Apple pitches ad-skipping for new Apple TV service, sources say

“Apple has a new trick up its sleeve as it tries to launch a long-awaited television service: technology that allows viewers to skip commercials and that pays media companies for the skipped views,” Jessica Lessin reports.

“For more than a year, Apple has been seeking rights from cable companies and television networks for a service that would allow users to watch live and on-demand television over an Apple set-top box or TV,” Lessin reports. “In recent discussions, Apple told media executives it wants to offer a ‘premium’ version of the service that would allow users to skip ads and would compensate television networks for the lost revenue, according to people briefed on the conversations… Discussions have been highly secretive. CEO Tim Cook and senior vice president Eddy Cue held talks with some media companies last week at a conference in Sun Valley hosted by investment bank Allen & Co., the people briefed on the discussions said.”

Lessin writes, “It is a risky idea. Ad-skipping would disrupt the entrenched system of television ratings—the basis for buying TV ads. In fact, television broadcasters sued Dish Network when it introduced similar technology last year. On the other hand, it is no secret that fewer and fewer people are watching commercials thanks to DVRs; networks may very well be eager to make, rather than lose, money off the practice.”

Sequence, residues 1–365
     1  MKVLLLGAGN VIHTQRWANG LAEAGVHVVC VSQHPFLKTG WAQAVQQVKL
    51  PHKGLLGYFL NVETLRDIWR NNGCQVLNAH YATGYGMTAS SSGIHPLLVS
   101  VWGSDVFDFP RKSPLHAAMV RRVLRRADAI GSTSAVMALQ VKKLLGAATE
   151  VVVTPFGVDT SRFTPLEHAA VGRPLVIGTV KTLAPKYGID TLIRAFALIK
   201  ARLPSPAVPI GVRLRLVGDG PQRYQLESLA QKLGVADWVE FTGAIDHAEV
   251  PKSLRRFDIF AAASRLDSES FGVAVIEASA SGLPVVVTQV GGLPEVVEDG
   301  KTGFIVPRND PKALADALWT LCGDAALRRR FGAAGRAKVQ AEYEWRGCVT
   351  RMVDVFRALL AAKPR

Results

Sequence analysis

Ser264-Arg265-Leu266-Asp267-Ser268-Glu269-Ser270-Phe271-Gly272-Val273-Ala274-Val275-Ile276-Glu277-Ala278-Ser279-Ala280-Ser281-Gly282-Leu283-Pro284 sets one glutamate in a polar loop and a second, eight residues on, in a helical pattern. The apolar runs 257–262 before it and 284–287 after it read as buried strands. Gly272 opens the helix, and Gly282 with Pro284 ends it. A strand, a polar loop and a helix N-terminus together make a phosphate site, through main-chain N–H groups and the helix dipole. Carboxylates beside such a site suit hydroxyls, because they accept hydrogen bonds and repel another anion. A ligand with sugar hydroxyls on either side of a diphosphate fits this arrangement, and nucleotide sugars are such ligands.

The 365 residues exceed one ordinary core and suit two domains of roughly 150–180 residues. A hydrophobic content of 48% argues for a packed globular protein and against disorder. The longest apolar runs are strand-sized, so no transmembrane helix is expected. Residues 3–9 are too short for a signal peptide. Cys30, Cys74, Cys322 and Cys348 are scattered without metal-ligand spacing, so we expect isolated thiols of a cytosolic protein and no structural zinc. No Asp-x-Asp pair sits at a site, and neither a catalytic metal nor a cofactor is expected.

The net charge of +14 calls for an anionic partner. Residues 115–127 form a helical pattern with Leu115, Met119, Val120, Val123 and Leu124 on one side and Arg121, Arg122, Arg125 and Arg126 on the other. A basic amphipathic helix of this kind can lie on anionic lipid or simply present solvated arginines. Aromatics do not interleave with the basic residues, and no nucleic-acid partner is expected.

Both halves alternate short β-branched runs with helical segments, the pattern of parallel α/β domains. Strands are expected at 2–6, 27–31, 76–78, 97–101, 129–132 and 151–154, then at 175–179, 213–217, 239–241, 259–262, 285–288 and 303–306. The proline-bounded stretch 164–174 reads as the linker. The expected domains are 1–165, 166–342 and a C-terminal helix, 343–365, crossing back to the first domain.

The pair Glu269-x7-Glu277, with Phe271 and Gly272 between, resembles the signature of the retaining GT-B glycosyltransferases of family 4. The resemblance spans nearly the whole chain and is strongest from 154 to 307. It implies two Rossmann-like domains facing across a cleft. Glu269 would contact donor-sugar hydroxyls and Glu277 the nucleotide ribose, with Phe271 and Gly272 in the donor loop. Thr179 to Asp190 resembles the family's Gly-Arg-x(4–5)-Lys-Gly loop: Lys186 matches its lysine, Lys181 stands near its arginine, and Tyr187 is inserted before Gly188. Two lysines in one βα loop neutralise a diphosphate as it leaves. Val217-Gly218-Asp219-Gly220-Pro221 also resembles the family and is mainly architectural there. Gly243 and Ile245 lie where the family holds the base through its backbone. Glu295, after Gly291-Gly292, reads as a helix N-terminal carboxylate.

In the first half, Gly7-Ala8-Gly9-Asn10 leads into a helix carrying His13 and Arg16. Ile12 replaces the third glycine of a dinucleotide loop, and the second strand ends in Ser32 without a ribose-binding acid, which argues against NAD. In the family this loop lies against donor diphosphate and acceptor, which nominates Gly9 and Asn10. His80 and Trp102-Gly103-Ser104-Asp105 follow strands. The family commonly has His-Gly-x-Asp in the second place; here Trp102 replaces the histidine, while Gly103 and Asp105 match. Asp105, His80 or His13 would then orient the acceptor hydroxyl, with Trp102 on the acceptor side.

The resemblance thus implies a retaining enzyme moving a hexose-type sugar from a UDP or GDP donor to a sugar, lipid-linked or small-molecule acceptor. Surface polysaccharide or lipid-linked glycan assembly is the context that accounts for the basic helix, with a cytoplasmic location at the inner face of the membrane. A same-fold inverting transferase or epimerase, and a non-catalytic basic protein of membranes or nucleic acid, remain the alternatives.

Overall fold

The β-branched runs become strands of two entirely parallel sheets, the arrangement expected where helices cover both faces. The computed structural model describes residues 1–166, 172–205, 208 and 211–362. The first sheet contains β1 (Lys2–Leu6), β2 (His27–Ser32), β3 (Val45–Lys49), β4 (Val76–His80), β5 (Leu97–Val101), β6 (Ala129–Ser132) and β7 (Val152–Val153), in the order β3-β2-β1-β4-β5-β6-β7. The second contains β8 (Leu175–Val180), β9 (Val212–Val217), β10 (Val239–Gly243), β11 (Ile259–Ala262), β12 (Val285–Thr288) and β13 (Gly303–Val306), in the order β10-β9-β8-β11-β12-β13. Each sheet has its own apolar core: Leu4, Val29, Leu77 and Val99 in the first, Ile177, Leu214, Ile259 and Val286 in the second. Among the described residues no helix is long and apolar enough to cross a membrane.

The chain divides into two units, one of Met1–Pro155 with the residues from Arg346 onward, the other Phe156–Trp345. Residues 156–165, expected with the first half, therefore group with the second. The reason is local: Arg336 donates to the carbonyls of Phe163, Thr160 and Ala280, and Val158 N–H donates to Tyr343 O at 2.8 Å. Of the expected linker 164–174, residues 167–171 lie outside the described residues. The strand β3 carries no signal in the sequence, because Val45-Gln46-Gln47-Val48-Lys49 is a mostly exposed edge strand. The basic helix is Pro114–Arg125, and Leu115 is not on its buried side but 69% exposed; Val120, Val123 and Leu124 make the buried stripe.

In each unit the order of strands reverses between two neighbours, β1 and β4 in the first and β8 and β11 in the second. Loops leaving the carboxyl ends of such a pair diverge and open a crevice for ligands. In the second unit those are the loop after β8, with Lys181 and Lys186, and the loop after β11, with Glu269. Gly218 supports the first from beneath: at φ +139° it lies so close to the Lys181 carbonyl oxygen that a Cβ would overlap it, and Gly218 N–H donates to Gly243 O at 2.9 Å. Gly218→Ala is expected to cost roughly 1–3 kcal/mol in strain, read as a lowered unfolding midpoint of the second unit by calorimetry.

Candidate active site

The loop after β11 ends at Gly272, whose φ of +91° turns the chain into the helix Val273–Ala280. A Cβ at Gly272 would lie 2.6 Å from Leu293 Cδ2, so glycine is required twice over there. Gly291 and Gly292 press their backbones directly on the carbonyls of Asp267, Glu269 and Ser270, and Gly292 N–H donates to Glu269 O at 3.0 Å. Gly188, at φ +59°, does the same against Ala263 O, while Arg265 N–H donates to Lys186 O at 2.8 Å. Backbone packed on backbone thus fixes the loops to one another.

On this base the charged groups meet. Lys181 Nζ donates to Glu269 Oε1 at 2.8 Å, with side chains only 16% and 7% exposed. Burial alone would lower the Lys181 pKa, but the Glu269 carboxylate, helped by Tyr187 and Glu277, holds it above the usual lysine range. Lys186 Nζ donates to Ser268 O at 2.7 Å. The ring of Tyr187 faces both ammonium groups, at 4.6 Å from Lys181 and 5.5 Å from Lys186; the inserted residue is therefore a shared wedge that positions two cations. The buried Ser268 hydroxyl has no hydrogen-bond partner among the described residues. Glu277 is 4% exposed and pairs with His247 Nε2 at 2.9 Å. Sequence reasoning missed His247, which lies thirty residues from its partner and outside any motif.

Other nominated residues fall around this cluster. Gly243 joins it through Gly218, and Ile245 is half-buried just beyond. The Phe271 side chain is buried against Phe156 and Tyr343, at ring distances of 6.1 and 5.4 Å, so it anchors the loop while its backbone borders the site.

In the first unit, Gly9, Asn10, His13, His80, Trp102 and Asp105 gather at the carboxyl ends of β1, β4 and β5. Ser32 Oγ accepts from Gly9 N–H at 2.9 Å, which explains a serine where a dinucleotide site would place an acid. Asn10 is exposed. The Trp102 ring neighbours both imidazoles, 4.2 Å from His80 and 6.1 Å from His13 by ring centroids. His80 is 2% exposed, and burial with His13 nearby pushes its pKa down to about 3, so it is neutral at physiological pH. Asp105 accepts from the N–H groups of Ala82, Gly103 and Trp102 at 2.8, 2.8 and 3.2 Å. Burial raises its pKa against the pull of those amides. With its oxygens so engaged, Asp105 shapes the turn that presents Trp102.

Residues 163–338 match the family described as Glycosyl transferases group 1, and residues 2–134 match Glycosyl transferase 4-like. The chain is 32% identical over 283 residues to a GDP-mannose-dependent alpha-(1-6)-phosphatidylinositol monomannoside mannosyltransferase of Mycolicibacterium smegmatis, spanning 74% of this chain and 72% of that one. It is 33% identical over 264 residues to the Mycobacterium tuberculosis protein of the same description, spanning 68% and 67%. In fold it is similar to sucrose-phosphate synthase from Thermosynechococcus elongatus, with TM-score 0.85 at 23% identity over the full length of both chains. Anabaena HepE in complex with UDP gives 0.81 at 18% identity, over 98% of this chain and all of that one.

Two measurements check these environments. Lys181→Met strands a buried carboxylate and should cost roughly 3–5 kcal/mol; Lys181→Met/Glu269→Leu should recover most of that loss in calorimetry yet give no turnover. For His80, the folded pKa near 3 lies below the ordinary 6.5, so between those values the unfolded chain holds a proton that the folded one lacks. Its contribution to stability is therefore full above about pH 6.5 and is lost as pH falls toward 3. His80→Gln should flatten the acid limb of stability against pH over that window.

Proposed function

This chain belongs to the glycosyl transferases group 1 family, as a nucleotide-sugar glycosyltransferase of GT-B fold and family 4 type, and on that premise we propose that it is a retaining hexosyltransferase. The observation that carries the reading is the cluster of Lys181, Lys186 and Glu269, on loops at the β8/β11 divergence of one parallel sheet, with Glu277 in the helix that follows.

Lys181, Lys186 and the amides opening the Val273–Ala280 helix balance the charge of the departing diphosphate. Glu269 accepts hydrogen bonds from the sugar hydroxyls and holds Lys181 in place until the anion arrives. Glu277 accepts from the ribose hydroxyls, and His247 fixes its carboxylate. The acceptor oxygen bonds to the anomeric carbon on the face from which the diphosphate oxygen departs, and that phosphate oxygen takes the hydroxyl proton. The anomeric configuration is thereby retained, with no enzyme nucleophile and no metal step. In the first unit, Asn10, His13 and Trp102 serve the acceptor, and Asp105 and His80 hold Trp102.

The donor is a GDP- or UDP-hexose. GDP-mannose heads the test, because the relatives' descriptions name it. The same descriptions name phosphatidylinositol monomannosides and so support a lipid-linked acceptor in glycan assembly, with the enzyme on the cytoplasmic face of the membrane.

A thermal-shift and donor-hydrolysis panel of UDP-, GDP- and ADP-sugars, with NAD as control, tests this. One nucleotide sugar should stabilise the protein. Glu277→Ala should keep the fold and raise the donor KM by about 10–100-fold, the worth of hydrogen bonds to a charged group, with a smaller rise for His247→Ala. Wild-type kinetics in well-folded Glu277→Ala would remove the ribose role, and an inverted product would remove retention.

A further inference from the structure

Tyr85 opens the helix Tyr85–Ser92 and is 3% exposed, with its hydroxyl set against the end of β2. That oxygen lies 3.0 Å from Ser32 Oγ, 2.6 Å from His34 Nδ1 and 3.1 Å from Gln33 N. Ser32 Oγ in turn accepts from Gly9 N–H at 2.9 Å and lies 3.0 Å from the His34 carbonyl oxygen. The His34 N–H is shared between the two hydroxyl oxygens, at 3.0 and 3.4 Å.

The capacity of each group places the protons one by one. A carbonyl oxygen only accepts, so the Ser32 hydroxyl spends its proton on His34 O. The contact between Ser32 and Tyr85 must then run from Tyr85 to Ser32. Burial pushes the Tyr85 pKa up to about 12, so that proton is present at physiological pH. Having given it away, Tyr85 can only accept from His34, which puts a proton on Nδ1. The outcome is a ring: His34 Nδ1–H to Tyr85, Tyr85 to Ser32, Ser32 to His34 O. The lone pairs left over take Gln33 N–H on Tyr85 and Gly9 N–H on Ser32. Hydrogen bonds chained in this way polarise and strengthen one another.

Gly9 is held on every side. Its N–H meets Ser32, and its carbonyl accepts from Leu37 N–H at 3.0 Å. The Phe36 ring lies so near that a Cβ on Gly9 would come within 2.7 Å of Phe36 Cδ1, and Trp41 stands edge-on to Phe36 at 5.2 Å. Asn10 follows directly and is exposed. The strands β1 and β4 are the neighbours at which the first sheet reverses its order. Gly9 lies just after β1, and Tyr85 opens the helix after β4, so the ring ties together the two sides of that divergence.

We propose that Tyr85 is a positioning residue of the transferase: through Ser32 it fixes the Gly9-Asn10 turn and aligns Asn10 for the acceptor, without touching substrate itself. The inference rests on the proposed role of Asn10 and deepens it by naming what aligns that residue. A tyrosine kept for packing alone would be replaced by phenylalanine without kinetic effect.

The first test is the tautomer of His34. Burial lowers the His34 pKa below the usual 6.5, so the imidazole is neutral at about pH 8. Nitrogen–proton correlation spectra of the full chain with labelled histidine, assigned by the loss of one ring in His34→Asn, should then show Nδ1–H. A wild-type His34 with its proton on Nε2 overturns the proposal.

Read more in the full article here.

[Thanks to MacDailyNews Readers “Fred Mertz” and “Lynn Weiler” for the heads up.]


  1. most of the readers here are probably too young to remember this but cable t.v. was originally pitched in the u.s. as something that wouldn’t have ads because you were paying a monthly service fee. that is how it was originally sold to consumers and to get the gov’t approval.

    1. very interesting! All I know is that they’ve been slowly but surely increasing the count, putting them in the corner while your watching a program, and generally being the greedy assholes we expect them to be. Nothing would please me more than to see massive disruption in the industry and the collapse of cable providers. It’s a pipe dream, I know.

      1. Excellent point.
        Still, if you think about it, it appears very odd to pay for NOT being forced to watch anything the TV channels see fit to harass us with.
        Obviously, the compensation for NOT watching adds would go to the companies trying to advertise their products.

        But we all know the TV channels also add additional very annoying previews of programs, i.e., adds for themselves. What we will see happening is a further increase of those previews, because it would mean money in their own pockets.

        1. I know I like seeing some ads, some ads are even fun to watch when they are done cleverly, advertisers have to up their game on the quality and creativity of commercials they make. I enjoy watching the superbowl ads, why?, because they are generally better commercials than what you see other times of the year. Budweiser always makes great ones…

        2. “appears very odd to pay for NOT being forced to watch anything the TV channels see fit to harass us with.” That is one of the reasons one buys programming on iTunes. Judging from the popularity of this service I would say lots of people are willing to pay not to have commercial interrupt the program.

    2. Hmmm… so do I understand this to mean that:
      1) Apple pays the Networks a few cents per viewer, per skipped ad;
      2 Then the viewer is happy cause they didn’t have to see the ad,
      3) And the Networks are happy cause they are getting some money,
      4) And after a while, advertisers are pissed cause viewers are not seeing their ads,
      5) Then after a while, the advertisers don’t give Netwotks money to place ads, and